About FASO

Established in 1992, the Filipino American Student Organization is a group of students at the University of Wisconsin-Madison dedicated to the issues and experiences of Filipino and Filipino Americans. FASO is based on the spirit of bayanihan/community, kapwa/shared identity & kagandahang loob/shared humanity.

For questions/comments, hit us up!

Isang Mahal! (One Love)

About "Pinoy"

Dr. Michael Cullinane, Director for the Center for Southeast Asian Studies gives us a brief history of the term, Pinoy:

"Pinoy" is a common term used for "Filipino" and is now used widely among Filipinos in and out of the Philippines. As the history goes, the term is reported to have first been used by Filipinos migrant workers on the west coast of the US in the 1920s to refer to themselves; that is, to distinguish themselves from other minorities, especially other Asians. During the pre-war years, the term Pinoy was also used by non-Filipinos in a pejorative way, like the even more condescending word "Flip." I like to think that since it was a term that emphasized ethnic identity in a frequently hostile environment, Filipinos increasingly used to term to both define themselves to others and to achieve a sense of solidarity. The term soon spread back to the Philippines, where it has also been used since the late 1920s.

In the US the term competes with other designations, among them Fil-Am and is clearly a more popular expression of identity. One of the first major books attempting to write the history of the first generation of Filipinos in the US, a group sometime referred to as the "Manongs" (the older brothers), was written by Roberto V. Vallangca, who titled his book: Pinoy: The First Wave, 1898-1941. San Francisco: Strawberry Hill Press, 1977. Vallangca was himself an early Pinoy.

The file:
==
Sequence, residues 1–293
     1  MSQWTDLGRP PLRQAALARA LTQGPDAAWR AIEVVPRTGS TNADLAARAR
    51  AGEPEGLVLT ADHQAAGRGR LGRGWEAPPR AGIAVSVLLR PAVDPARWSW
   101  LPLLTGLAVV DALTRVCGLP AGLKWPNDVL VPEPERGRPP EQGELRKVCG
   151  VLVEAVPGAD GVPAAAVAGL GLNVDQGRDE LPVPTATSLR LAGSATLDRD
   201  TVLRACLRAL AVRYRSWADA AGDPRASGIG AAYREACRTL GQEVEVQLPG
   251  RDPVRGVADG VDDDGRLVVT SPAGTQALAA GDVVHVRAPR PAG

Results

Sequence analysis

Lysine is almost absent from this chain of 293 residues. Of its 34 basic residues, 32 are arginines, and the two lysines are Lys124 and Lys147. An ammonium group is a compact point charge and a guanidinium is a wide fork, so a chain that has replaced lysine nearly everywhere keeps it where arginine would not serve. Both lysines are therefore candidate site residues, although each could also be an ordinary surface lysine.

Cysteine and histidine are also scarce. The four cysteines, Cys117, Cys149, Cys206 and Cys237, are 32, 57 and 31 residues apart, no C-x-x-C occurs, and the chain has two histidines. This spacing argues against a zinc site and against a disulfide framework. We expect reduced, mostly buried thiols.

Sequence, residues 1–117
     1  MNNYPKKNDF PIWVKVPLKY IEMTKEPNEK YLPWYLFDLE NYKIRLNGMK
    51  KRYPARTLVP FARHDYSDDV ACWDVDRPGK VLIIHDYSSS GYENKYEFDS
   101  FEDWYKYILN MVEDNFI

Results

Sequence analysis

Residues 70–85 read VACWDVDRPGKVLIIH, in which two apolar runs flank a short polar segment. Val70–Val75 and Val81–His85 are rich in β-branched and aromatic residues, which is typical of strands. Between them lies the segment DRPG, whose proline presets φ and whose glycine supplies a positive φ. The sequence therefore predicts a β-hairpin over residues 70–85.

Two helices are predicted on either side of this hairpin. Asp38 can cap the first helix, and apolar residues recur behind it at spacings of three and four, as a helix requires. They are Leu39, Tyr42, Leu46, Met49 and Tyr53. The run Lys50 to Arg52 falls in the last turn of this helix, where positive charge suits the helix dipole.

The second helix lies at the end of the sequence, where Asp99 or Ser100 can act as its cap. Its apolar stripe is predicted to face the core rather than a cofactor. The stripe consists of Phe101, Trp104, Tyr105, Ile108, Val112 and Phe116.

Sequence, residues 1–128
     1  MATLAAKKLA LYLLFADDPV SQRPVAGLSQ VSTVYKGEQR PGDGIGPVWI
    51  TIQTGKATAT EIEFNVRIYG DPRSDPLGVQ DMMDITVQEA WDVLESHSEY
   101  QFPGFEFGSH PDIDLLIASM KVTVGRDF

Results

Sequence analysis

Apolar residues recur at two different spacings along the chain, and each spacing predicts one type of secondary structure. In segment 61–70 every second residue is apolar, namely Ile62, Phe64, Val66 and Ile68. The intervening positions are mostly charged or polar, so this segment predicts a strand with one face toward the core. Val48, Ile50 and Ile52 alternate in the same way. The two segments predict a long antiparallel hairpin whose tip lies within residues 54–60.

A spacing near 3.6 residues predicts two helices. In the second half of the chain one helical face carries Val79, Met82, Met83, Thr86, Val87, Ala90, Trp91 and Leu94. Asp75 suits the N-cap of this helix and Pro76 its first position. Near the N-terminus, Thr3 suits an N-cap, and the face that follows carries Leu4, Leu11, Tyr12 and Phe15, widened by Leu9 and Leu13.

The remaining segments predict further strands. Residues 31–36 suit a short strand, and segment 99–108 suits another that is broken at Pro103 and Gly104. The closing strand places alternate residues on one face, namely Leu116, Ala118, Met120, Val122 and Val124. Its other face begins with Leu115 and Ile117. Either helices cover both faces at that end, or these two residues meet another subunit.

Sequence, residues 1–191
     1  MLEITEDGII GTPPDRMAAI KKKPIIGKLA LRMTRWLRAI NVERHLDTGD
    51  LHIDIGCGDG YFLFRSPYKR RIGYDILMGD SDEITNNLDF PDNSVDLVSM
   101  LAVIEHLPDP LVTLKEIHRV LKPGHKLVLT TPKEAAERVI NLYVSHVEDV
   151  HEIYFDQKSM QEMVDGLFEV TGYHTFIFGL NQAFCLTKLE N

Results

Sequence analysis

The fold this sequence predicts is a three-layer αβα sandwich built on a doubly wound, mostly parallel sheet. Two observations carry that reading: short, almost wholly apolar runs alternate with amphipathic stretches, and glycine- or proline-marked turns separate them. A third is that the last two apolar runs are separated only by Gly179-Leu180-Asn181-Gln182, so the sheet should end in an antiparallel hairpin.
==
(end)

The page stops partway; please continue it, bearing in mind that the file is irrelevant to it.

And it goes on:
My own familiarity with the term emerged in the 1970s in the Philippines when a new genre of Filipino popular music emerged with traditional kundiman melodies and Tagalog lyrics and was quickly labeled “Pinoy Folk” and later “Pinoy Folk Rock,” sometimes today calle “Pinoy Pop” and in the music malls of the Philippines: “OPM” – Original Pinoy Music.

Though words in Filipino languages do not distinguish gender, loan words that derive from Spanish generally adopt a Spanish form of genderization: thus, Filipino and Pinoy is a male Filipina as Pinay is a female.